A national survey shows 4 out of 5 unvaccinated Maine adults still plan to get the COVID-19 vaccine, one of the highest rates among states and a positive sign as the state hopes to achieve population-level immunity from the deadly virus.
The survey, conducted by the U.S. Census Bureau over two weeks in early March, suggests demand for the vaccine in Maine remains high even though state officials raised concerns this week about some appointments going unfilled after Maine’s vaccine supply increased.
Overall, just shy of 80 percent of Maine adults surveyed who had not yet received the vaccine said they definitely or probably would get it, compared to only 73.5 percent of unvaccinated adults nationally. Maine was 10th in the nation as rates varied widely by state, ranging from as high as 88 percent in Massachusetts and Vermont to as low as 46 percent in Wyoming.
The survey found the most enthusiasm in the youngest and oldest Maine adults. About 85 percent of unvaccinated Mainers under the age of 40 said they definitely or probably planned to get the vaccine. The most hesitant group was Mainers between the ages of 40-54, only 53 percent of whom said they would definitely get the vaccine while 17 percent said they would definitely not.
Maine’s vaccine rollout has largely been based on age, so many of the older people enthusiastic about the vaccine have already had the chance to get it. The state extended eligibility to people in their 50s last week. Teachers and child care workers are also eligible to be vaccinated now, while all adults over the age of 16 are set to become eligible April 19.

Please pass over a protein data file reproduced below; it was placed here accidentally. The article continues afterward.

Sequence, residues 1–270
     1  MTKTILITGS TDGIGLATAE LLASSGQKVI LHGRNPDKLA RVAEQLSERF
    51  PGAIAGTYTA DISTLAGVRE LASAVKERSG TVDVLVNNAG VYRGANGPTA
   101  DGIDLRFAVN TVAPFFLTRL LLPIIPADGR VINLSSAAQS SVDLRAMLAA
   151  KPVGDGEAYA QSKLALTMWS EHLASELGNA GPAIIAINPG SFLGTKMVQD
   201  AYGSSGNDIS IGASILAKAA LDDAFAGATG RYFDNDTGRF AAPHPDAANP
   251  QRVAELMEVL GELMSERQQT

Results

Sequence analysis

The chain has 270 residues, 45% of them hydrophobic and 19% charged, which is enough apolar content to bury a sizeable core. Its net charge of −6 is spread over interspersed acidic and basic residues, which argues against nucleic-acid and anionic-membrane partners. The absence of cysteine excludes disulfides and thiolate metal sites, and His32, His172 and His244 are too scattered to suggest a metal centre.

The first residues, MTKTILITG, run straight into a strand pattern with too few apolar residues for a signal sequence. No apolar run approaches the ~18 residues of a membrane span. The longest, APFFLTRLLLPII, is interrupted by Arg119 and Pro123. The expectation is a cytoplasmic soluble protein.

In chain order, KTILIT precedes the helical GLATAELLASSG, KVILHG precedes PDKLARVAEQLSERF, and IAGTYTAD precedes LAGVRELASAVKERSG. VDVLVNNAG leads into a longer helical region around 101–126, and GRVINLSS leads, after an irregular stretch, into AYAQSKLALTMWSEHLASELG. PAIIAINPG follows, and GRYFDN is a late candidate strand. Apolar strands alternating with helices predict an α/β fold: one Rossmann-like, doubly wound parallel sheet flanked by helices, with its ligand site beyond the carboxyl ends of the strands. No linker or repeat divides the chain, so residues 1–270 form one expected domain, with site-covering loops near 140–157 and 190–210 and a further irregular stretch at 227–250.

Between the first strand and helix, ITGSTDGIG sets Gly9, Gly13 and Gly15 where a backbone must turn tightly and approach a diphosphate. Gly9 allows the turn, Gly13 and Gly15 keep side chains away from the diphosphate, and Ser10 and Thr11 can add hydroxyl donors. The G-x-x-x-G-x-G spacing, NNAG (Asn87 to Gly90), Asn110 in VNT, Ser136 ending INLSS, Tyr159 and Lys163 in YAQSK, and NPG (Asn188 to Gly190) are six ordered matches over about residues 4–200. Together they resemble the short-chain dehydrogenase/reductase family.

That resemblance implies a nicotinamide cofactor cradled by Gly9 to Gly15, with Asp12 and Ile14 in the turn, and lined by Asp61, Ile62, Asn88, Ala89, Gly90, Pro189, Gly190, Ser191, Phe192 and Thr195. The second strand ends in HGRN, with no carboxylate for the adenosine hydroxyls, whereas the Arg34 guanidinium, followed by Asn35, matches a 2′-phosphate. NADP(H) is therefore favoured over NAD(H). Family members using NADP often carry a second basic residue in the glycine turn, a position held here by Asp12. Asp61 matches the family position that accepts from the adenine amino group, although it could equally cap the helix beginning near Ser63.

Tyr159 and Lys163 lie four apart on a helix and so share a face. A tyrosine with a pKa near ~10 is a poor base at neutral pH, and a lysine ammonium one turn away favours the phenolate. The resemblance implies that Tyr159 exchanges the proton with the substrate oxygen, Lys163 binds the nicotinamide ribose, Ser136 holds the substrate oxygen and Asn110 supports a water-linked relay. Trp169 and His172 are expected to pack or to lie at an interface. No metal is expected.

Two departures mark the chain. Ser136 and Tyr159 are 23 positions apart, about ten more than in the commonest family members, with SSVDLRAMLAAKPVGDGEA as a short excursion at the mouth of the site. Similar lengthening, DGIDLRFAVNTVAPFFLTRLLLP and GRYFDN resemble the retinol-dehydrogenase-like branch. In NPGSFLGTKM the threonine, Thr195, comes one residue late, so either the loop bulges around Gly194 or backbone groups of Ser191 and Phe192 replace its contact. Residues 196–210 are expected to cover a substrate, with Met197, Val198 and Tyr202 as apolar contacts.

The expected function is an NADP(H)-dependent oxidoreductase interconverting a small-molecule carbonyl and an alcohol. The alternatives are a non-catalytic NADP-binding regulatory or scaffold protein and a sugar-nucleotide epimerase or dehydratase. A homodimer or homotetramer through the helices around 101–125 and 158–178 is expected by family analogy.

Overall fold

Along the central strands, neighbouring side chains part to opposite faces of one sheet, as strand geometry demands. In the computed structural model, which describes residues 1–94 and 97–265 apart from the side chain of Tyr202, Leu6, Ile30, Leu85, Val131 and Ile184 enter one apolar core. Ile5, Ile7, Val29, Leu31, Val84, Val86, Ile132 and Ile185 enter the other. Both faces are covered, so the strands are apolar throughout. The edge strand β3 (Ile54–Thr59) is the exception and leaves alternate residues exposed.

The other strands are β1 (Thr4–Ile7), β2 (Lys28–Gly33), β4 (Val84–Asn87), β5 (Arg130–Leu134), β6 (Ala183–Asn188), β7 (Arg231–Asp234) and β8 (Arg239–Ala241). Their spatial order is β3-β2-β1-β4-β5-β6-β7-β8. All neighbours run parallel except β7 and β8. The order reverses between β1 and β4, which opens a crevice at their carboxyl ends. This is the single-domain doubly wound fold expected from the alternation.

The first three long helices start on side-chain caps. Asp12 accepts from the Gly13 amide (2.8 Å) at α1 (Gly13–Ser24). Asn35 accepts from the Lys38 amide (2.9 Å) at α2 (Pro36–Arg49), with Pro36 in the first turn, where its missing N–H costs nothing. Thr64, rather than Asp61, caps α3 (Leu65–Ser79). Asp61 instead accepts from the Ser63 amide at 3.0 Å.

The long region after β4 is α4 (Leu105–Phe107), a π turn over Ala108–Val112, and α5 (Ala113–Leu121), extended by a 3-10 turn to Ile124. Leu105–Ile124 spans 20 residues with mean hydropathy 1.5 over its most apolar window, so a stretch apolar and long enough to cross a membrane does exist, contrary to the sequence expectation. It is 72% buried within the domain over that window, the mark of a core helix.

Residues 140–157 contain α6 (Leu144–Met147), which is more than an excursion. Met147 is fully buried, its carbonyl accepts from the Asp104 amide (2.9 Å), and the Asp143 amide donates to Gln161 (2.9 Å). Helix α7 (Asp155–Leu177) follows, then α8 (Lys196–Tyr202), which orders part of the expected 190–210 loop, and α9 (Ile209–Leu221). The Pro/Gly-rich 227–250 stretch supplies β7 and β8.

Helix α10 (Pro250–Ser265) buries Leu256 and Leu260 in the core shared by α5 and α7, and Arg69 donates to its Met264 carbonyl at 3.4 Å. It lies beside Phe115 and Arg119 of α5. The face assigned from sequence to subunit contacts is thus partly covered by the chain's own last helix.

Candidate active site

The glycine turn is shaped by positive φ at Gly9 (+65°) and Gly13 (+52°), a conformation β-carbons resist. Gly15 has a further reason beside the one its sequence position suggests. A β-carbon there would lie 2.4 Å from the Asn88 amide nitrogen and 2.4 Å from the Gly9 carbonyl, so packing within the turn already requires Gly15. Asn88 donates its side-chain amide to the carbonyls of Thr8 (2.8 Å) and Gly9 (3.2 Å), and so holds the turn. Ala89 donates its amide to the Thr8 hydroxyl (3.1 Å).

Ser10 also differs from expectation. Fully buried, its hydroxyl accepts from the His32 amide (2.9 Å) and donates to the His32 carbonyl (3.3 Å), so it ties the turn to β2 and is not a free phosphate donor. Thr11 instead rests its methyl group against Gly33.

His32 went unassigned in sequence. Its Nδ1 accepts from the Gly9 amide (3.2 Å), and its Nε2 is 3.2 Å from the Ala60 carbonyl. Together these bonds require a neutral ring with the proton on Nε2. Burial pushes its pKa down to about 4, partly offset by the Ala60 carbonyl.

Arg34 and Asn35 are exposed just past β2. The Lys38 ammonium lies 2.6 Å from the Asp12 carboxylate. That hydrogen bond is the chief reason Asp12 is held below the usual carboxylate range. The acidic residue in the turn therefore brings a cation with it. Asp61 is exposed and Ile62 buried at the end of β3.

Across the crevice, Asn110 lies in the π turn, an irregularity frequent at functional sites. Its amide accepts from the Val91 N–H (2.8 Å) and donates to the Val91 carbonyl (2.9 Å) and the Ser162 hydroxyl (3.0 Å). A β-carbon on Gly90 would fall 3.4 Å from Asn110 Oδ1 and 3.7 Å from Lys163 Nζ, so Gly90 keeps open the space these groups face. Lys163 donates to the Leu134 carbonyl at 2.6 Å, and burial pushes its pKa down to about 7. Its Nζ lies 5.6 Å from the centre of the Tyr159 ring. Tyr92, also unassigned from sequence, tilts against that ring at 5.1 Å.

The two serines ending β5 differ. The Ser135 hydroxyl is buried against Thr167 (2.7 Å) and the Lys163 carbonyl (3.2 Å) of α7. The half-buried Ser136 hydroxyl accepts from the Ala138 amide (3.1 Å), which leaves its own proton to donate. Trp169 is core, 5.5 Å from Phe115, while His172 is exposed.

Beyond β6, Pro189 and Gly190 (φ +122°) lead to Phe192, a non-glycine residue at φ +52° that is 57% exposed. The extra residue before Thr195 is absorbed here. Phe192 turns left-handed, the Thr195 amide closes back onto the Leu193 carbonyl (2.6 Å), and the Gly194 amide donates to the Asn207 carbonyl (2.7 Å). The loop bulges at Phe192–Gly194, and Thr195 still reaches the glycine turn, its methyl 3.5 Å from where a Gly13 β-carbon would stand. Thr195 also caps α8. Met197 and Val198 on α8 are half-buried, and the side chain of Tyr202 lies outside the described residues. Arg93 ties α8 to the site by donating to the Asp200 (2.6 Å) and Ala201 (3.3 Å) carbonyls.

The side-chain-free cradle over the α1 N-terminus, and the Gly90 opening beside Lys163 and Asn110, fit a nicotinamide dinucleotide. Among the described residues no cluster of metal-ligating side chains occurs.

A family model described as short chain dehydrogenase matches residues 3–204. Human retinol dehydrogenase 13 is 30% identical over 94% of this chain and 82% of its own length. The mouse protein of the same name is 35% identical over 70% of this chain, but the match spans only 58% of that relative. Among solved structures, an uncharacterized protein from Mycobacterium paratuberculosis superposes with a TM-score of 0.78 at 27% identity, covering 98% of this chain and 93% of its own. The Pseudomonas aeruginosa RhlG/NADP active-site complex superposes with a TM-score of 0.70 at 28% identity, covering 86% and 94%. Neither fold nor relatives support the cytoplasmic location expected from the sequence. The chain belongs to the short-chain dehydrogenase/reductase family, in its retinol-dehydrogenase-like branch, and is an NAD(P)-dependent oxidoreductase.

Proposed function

As of Wednesday, more than 426,000 first doses of the Moderna and Pfizer vaccines had been administered in Maine, along with nearly 266,000 second doses and Johnson & Johnson vaccines.
There is not yet scientific consensus on what share of the population needs to be vaccinated to achieve so-called herd immunity for coronavirus, though most estimates have suggested it is at least 70 percent, which would require 950,000 Mainers to be fully vaccinated. If it were 80 percent, the number would be closer to 1.1 million Mainers — or the state’s entire adult population, as a vaccine has not yet been approved for use in children younger than 16.
Among Mainers who said they were probably or definitely not going to get vaccinated, the most commonly cited reason was concern about side effects, followed by distrust of the government or vaccines. Experts agree that the side effects of the vaccine — such injection site soreness, chills, fatigue and a low-grade fever — are mild compared to symptoms of the coronavirus. Severe allergic reactions to the vaccine are extremely rare, and providers in Maine monitor patients after each dose to ensure treatment can be administered in the event of a reaction.
Nirav Shah, director of the Maine Center for Disease Control and Prevention, encouraged Mainers in their 50s to get vaccinated on Tuesday after the state received a record 68,000 doses, leaving many appointments unfilled this week. Maine’s supply is expected to increase again next week, although federal allocations to pharmacies are not yet known.
Shah noted that the unfilled appointments did not necessarily reflect hesitancy, but could be due to a mismatch between when and where vaccines were available and people’s schedules, noting Mainers in their 50s are more likely to be working during the week compared to previously eligible groups.